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Newspaper Page Text
release," said the woman icily. "My
second was a bankrupt. When I am
free I shall do better for myself."
"Quite so," said Flynn. "The de
cree will become absolute next
month, and then. . . . By the way,
Mrs. Williams, what name do you in
tend to take. That of your first hus
"Heaven forbid," she answered,
laughing, as she went out. When she
had gone Roger stepped from behind
"I am sorry," said the old man
warmly. "Now, Mr. Latham, you
must choose. Of course, you can le
gally claim your fortune, what is left
of it, and and "
Roger gripped his hand.
"I have chosen," he answered
quietly. "Good-bye, Mr. Flynn. It
was true. I am a er happy release.
And I'm going to catch the next train
The little hat of midwinter is so
stingily trimmed that the veil the
circular, sweeping veil has been call
ed to the rescue. Even the youngest
girls wear these face "curtains" that
fall gracefully from the hat brim to
the shoulder tip.
The scarlet velvet chapeau adds to
.the gaiety of the nation. It's a cap
like affair that sets high on the head
and the only trimming is a "wind
mill" bow of scarlet velvet.
Skirts are spreading also they are
oeing tilted up above the shoe tops.
When will Dame Fashion quit joking
The smartest of the spring suits, so
modistes tell me, will be in checks,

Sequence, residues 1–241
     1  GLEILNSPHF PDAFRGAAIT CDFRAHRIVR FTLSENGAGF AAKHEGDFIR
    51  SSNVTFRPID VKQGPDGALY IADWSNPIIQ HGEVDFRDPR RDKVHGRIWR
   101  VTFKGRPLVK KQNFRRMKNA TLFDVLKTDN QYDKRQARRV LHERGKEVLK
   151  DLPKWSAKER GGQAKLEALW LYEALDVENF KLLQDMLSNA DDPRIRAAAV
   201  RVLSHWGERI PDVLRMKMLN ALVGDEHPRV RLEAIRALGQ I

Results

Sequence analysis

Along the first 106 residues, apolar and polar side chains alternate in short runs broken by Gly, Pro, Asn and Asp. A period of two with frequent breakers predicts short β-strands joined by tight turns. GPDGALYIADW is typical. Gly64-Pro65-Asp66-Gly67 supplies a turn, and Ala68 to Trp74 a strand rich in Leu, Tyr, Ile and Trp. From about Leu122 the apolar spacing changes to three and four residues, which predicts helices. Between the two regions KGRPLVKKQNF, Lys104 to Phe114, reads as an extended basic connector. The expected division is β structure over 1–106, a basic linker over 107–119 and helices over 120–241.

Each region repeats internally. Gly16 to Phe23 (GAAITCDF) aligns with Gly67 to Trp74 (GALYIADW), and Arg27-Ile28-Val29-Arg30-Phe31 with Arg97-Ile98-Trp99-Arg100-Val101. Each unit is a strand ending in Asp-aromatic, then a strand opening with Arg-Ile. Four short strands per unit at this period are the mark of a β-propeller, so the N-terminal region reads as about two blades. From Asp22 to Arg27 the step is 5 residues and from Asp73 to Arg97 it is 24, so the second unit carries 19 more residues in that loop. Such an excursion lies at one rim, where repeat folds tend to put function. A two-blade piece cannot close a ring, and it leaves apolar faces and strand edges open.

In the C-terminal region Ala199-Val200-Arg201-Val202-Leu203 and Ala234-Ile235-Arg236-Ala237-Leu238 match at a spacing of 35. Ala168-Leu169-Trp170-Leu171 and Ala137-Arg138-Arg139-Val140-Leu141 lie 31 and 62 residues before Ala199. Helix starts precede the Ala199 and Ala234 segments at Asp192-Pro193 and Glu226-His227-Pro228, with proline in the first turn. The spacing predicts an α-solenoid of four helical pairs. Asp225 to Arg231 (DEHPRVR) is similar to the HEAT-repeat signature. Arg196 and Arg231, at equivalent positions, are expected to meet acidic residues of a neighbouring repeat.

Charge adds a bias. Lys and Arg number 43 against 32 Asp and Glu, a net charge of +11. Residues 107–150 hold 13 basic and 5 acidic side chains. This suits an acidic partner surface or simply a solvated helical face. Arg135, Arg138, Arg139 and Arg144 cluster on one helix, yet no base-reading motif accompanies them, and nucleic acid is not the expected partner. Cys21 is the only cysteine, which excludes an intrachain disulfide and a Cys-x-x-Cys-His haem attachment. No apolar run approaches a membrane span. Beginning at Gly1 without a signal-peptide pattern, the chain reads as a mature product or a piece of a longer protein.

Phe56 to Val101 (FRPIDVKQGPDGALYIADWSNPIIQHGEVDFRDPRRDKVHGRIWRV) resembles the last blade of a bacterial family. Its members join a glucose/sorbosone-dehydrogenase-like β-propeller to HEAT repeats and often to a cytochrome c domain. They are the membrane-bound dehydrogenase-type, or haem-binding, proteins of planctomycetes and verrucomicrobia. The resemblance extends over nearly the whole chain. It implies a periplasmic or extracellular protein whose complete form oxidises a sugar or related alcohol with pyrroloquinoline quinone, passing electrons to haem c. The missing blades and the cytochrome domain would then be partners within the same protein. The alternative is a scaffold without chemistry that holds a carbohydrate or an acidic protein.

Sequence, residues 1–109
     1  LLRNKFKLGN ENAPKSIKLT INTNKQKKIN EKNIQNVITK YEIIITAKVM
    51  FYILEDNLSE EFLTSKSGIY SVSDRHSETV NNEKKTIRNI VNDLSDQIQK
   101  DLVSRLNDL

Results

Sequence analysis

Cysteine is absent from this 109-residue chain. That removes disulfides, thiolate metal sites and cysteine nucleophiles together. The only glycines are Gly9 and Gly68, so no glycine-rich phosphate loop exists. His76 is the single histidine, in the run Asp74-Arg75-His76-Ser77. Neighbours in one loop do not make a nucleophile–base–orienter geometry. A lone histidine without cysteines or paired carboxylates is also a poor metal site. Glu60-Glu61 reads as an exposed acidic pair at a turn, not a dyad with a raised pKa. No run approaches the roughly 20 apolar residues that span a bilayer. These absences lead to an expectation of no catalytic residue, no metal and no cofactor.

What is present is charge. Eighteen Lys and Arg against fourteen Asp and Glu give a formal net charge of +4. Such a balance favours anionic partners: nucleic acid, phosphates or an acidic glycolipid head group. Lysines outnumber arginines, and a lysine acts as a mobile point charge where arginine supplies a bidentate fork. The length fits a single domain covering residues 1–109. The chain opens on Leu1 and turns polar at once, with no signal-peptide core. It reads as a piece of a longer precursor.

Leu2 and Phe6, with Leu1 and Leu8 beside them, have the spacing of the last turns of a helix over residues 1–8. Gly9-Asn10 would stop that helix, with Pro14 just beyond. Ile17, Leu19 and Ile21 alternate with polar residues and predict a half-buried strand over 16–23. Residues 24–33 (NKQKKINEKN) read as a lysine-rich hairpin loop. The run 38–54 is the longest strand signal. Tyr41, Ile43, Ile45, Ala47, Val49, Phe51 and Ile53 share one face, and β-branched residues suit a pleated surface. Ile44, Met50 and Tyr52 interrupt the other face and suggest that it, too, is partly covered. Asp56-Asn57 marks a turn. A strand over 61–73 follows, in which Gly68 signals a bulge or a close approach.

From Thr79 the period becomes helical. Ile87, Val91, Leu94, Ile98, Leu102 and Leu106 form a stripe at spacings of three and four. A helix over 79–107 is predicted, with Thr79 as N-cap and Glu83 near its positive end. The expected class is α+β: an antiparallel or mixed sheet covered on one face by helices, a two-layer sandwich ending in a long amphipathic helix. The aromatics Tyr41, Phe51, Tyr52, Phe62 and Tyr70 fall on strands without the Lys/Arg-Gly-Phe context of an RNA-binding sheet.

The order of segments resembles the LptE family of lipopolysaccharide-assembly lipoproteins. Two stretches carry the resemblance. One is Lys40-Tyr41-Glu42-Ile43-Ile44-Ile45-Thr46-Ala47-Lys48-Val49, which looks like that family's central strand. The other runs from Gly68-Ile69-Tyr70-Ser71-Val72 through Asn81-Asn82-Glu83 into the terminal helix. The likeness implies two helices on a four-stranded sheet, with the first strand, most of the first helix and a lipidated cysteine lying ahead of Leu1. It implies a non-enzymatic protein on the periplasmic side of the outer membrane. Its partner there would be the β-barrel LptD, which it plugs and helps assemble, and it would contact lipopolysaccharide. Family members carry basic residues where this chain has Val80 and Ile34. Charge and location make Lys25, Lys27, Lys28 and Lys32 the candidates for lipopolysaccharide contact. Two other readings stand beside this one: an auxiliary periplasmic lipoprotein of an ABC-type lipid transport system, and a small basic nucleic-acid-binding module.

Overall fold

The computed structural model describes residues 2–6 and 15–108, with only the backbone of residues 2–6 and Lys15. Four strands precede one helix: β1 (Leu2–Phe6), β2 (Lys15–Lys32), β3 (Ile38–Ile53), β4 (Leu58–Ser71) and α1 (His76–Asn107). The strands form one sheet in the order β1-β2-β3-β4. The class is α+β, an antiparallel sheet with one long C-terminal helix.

but not in the done-to-death black
and white, nor shepherd plaid, but in
shadow checks of blue and gray,
green and brown and blue and sim
ilar combinations of color.
Fur is gradually giving way to
braid mohair or novelty weaves and
ii will be a rare suit that will be with
out braid ornamentation
HOPPER PLEASED WITH HOME
LIFE MOVIES GIVE HIM
De Wolf Hopper
"With a real home for the first
time in 35 years, with my wife and
the most wonderful baby to share it
with me, and a marvelous cook and
months of fascinating work ahead of
me can you beat it?"
Thus De Wolf Hopper, veteran
light opera star, now being featured
in Fine Arts photoplays at Los An
geles for the Triangle program, de
scribes his plunge into the motion
picture game. Hopper has just com
pleted his first picture from Cer
vantes' "Don' Quixote."
"I had avoided picture work," he
said, "feeling such qualms as every
man does who contemplates leaving
the glare of the footlights for the
whir of the movie camera. But this
first play has been a, revelation to
me. The opportunities for dramatic
characterization are excellent and
the demands the new art makes on
one are for the best he can give. I
am an enthusiast now. This is going
to be one of the best years of my